Oakland Leaders Put Off Controversial Anti-Crime Measures
OAKLAND (KCBS) – After lengthy discussion, the Oakland City Council Tuesday night voted to table three controversial proposals aimed at preventing violent crime and youth crime citywide.
Mayor Jean Quan cast the tie-breaking vote to delay a final decision on the trio of proposals, which included an expansion on gang injunctions, a citywide curfew for teens and a strict anti-loitering ordinance.
“We need to have a complete conversation about these things so we can make an informed decision,” said Councilwoman Desley Brooks, who moved to continue discussion and further explore the proposals in the council’s public safety committee.
KCBS’ Chris Filippi Reports:
The vote came after the council heard public comment from several dozen community members, many of whom voiced their strong opposition to the proposals.
Councilmen Larry Reid and Ignacio De La Fuente have pushed the three measures in recent months in an effort to curb youth crime and in response to a 30 percent spike in violent crime this year, and in the wake of the fatal drive-by shooting of 3-year-old Carlos Nava in East Oakland on Aug. 8.
Quan said Tuesday she opposed the proposals and believes adding more police in crime-ridden areas will prove more effective than gang injunctions and curfews.
She noted that a federal grant awarded to the city last week which allows the Oakland Police Department to hire 25 more police officers to patrol areas around troubled middle schools is the type of measure that would help the city effectively target youth crime.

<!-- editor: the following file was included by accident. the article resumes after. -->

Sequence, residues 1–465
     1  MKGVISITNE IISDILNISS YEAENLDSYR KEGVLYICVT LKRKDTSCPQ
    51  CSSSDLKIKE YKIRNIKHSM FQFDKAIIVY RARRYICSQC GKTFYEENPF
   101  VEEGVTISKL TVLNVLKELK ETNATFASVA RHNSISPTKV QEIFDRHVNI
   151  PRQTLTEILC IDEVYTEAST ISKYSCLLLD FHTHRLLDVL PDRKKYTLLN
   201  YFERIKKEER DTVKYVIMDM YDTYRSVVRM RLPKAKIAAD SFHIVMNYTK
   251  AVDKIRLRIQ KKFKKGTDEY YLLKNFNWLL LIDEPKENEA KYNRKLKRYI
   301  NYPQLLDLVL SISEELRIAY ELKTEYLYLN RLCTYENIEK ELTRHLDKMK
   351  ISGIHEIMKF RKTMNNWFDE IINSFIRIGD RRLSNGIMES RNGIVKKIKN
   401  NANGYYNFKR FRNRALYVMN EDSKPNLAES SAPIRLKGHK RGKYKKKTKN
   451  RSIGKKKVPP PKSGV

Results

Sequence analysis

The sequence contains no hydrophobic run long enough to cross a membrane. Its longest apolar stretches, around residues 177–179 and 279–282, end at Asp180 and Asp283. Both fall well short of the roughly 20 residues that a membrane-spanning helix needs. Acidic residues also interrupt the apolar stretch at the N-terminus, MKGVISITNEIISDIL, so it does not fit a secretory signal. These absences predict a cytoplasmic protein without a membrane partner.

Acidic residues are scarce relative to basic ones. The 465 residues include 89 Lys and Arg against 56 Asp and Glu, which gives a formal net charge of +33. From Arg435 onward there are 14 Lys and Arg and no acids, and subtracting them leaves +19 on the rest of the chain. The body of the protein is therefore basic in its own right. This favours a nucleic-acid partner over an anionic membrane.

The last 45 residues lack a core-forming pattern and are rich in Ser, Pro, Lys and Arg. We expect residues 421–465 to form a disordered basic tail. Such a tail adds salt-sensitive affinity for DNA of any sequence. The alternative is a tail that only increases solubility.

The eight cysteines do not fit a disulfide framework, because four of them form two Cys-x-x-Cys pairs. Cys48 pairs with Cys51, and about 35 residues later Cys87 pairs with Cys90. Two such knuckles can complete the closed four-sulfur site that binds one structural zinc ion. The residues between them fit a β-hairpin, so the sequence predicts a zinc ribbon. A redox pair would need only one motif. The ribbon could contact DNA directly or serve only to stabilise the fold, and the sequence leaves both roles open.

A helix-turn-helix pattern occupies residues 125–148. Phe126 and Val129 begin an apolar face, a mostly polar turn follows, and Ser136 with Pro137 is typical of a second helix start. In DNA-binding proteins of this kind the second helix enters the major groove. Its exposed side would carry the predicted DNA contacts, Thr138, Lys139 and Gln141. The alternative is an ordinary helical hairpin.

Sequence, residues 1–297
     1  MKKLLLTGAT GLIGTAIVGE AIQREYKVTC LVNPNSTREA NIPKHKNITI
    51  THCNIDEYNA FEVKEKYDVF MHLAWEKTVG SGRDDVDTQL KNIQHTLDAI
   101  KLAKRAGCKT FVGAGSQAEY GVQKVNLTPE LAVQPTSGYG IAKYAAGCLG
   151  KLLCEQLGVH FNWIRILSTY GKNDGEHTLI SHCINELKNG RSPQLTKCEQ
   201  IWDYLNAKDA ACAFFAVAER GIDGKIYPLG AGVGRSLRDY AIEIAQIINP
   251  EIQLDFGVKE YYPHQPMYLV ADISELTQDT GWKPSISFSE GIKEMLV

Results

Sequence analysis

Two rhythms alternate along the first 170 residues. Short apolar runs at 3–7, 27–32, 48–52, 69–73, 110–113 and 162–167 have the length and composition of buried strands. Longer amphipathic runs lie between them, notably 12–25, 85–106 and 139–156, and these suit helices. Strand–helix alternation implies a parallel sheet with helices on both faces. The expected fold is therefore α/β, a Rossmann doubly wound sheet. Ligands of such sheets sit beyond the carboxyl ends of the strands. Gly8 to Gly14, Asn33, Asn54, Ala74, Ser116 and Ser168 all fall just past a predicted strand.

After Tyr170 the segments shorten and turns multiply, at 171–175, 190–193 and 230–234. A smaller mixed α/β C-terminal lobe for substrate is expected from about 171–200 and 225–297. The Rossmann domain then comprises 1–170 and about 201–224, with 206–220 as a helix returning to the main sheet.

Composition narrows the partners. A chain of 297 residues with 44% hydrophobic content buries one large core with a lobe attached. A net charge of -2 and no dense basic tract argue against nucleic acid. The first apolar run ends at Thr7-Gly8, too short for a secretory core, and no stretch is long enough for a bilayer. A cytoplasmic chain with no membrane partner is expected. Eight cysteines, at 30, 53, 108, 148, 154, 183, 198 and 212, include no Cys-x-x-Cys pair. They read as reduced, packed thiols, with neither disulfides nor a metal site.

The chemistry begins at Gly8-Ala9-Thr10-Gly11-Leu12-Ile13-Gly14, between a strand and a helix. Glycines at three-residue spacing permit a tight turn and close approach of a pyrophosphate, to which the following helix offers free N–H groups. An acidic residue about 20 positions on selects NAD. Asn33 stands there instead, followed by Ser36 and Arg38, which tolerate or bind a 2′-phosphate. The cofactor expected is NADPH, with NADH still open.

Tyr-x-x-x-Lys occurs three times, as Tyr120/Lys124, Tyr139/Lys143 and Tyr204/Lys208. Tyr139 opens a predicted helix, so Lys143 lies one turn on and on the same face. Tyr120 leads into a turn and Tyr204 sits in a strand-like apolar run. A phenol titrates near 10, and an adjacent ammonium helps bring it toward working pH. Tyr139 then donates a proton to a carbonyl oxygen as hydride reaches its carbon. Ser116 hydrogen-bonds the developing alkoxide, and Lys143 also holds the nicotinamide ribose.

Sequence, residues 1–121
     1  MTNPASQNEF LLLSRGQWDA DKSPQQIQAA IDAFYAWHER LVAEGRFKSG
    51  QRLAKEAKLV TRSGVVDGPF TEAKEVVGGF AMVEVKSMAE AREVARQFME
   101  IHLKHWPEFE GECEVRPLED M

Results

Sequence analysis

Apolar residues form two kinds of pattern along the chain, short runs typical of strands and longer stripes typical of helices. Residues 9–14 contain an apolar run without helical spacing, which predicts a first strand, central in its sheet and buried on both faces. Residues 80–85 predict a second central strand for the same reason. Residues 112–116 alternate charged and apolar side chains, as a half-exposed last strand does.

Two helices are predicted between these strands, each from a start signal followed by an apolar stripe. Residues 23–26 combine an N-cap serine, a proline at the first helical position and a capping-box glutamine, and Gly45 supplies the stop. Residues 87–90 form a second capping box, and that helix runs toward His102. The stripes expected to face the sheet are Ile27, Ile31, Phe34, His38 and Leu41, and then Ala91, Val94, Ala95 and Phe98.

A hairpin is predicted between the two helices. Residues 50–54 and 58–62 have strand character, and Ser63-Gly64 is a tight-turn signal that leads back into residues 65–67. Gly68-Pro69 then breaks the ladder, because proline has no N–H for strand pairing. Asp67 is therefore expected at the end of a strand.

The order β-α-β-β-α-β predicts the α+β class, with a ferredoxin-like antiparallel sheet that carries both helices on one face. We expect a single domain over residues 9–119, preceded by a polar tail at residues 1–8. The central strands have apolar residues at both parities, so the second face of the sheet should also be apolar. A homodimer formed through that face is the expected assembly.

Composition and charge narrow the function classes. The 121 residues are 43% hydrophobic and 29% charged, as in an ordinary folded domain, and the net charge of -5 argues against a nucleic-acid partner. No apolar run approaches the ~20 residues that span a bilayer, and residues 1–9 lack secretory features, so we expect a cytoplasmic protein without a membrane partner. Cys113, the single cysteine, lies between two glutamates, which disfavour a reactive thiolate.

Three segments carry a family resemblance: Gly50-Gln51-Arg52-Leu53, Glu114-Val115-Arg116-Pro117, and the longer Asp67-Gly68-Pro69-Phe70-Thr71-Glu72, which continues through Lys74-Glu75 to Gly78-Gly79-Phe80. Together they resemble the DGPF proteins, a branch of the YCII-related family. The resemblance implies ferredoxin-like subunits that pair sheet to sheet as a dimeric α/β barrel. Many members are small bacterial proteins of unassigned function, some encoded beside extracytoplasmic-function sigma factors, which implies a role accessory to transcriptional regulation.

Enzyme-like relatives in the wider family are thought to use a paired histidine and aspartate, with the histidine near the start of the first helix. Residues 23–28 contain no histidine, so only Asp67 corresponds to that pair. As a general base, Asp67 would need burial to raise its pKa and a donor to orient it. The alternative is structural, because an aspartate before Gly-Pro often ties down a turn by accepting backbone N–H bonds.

Councilwoman Libby Schaaf said she would support the proposals, citing studies that have shown teen curfew and loitering laws to be effective crime-fighting tools in other large cities.
Meanwhile, Councilwoman Rebecca Kaplan echoed the need to properly vet the proposed crime prevention options before making a final decision.
While the council appeared divided Tuesday about which measures would be the most effective crime-fighting tools, dozens of speakers insisted that the city should focus on social programs that address the roots of crime rather than pushing punitive measures.
Many speakers voiced concerns about what they described as city officials’ policy pattern of trying to “arrest their way” out of Oakland’s crime woes.
Maria Leal, a 30-year Oakland resident who lives just outside of the Fruitvale District where the city is currently enacting an injunction against the Norteño gang, said that policy has not made the area any safer.
“I haven’t seen any changes, all I see is that we incriminate our youth…and the youth being incriminated for the most part are the victims of violence,” Leal said, addressing the council through an interpreter Tuesday.
Many opponents who spoke Tuesday against the crime-fighting proposals said the measures would only enable police profiling of the city’s youth and black and Hispanic residents rather than targeting the issues of poverty and unemployment.
“We need resources in our communities that will allow our young people not to turn to alternative sources to survive,” said Sagnicthe Salazar, a community activist who works at the Castlemont Business and Information Technology School in East Oakland. “Please do not try to disguise this as a solution to violence.”
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